These results suggest that practicing the 3:2 pattern with an integrated tonal percept may be easier than practicing with a streamed tonal percept. The integrated nature of the motoric pattern also suggests that effective rhythmic practice should involve the two hands together. In other words, whole-task practice should be better than part-task practice for each hand separately. To test this hypothesis, Zeke Martin, Stu Klapp, and colleagues compared whole-task training of both hands together with part-task training of each hand separately in a 3:2 polyrhythmic tapping task. Whole-task training with integrated tones was found to be superior to part-task training with streamed tones. The latter condition was designed to encourage independent performance of the two hands, but was unsuccessful.

One can find conflicting recommendations in the piano literature for single-handed and dual-handed practice of polyrhythms. The present results suggest that dual-handed practice may be more effective for establishing a polyrhythm, given that it is an integrated pattern.

A Correlational Analysis of a Golf Swing

Hitting a golf ball is another rhythmic task that most people find quite difficult. I am no match on the golf course for my 83-year-old father, but I do enjoy thinking about the temporal structure of a golf swing. For many golfers, the rhythm of a stroke refers to the pattern of speeding up and slowing down during the swing. It can be distinguished from tempo, which typically refers to the overall speed of the stroke.

Although most golf instructors urge players to maintain a constant rhythm, individual instructors differ in how they believe rhythm is related to tempo. Some instructors recommend keeping tempo constant, lest variations disrupt rhythm. Others recommend varying tempo depending on the demands of the shot. This latter recommendation suggests that tempo is behaviorally independent of rhythm.

As will be reported in the June issue of the Journal of Motor Behavior, Neil Greenberg, Min-Ju Liao, and I tested this hypothesis by attaching an accelerometer to the clubhead of an eight-iron. Moderately skilled golfers were required to hit a plastic golfball into a target net about 15 feet away. We partitioned the accelerometer signal into a backswing, downswing, and follow-through. Then we analyzed the temporal structure of shot-to-shot variability in a manner similar to the previously described analysis of polyrhythmic tapping. We were particularly interested in whether we could detect some hierarchical structure among the backswing, downswing, and follow-through that would suggest that tempo could be varied independently from rhythm, that is, that components of the swing were some proportion of the overall swing duration. We found little evidence for such a structure. Rather, it appears that the backswing, downswing, and follow-through are approximately independent intervals that are chained together to create the overall swing. Given this temporal structure, it would be very difficult to vary tempo without also varying rhythm. The results converge with findings by B. Abernethy, R. J. Neal, and colleagues and suggest that golf instructors who recommend a con-stant tempo are offering good advice.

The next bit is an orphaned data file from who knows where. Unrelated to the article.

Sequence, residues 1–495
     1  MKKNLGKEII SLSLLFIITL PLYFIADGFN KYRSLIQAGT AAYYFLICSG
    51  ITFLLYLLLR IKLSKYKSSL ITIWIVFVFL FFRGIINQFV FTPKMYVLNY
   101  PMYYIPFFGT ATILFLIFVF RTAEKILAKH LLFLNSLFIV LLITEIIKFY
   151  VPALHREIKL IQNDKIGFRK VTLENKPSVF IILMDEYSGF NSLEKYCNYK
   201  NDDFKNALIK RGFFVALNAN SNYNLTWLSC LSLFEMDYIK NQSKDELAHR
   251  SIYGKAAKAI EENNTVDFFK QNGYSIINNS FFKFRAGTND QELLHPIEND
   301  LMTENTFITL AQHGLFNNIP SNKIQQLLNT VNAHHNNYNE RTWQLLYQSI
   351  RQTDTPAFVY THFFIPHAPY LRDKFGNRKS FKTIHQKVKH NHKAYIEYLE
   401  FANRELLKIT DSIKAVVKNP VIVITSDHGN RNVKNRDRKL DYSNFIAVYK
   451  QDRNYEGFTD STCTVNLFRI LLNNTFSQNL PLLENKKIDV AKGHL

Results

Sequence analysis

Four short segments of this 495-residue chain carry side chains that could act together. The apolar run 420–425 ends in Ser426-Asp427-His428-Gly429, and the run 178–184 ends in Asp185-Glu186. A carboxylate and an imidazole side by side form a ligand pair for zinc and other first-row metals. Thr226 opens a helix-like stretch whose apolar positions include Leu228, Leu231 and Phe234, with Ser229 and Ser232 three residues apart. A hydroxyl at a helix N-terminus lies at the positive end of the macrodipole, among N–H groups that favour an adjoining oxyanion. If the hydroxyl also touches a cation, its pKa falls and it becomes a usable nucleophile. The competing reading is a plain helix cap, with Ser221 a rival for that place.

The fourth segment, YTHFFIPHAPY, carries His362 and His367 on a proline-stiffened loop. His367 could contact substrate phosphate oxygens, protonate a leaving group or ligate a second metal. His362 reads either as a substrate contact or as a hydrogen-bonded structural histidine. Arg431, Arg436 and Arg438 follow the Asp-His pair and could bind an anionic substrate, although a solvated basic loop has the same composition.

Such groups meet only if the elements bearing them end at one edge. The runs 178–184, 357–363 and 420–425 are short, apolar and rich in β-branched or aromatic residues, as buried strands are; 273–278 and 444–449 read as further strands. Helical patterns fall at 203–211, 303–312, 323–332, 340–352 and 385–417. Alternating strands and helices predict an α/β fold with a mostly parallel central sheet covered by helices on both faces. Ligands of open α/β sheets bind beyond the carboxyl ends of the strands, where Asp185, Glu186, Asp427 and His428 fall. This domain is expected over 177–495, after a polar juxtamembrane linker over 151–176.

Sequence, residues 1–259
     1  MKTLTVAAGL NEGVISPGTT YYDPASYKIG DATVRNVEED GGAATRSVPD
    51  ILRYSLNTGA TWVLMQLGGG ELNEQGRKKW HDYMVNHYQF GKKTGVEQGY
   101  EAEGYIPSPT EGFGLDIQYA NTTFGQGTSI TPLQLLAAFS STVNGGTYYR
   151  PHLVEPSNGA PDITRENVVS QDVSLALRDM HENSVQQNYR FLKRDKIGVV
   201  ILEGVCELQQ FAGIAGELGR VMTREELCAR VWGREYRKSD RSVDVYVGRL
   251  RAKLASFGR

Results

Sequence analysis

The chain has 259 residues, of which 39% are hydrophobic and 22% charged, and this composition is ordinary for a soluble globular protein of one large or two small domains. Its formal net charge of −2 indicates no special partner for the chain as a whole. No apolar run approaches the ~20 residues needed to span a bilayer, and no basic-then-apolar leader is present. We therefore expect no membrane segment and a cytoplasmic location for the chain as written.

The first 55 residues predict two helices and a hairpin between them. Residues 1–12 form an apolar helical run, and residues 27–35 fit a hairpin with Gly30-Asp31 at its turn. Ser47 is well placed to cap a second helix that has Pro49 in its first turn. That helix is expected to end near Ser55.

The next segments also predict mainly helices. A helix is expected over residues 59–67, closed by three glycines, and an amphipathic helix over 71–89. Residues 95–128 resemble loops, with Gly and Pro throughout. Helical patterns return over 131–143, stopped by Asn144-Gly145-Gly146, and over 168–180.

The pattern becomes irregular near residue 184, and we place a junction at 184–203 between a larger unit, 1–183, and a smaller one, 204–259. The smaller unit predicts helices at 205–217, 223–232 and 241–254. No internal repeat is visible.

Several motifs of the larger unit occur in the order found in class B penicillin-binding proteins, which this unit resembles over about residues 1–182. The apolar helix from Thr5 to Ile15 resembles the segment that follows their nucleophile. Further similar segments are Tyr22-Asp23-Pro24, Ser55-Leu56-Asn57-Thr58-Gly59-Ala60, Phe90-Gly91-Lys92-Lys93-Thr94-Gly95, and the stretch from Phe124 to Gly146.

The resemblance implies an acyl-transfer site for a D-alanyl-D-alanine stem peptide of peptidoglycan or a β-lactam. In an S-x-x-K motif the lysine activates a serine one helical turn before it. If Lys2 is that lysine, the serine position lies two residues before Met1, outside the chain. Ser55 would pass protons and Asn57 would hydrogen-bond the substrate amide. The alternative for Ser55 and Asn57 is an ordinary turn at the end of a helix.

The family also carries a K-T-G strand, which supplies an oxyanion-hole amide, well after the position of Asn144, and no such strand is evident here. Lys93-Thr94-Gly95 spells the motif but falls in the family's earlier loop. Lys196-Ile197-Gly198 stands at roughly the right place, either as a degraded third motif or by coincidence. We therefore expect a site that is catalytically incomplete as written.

Stability and the Shapes of Abstract Trajectories

An additional aspect of the golf study was that 65-year-old golfers were found to swing somewhat faster than 20-year-old golfers. This result is intriguing because older adults typically perform more slowly than younger adults. It is also intriguing that there are so many articles in golf magazines that give advice on how to slow down one's swing, rather than on how to speed it up. Our working hypothesis is that part of the golf swing may be unstable, and that older golfers may have more difficulty than younger golfers in controlling this instability.

Partial support for this hypothesis comes from comparing the shapes of repeated swing trajectories in an abstract representational space. The space is formed by plotting the accelerometer signal against successively delayed versions of itself. The resulting graph shows that, during the backswing, the trajectories representing multiple swings form a tight bundle. However, part way through the downswing, they rapidly come apart, and then stay apart for the remainder of the swing. The swing may be unstable in the region in which the trajectories separate. However, converging measures of stability are still necessary to test this hypothesis.

The stability of polyrhythmic performance can also be investigated by examining abstract trajectories. In this case, the cyclic movements of the two hands can be crossplotted in an abstract state space. Lieke Peper, Peter Beek, and I are investigating the hypothesis that the topological shapes of the abstract trajectories of polyrhythms are related to their stability. As suggested by dynamical systems theory, the maintenance of stable performance may be a key factor in determining task difficulty. Analyses of trajectory shape may give additional insight into the integrated nature of polyrhythmic coordination.

Although I know that not all of my colleagues would agree, I expect that as theory evolves in this area, it will be strongly influenced by both correlational analyses of variability and analyses of trajectory shapes. For now these approaches provide different insights into what makes some rhythmic tasks so difficult, and they have strong implications for training.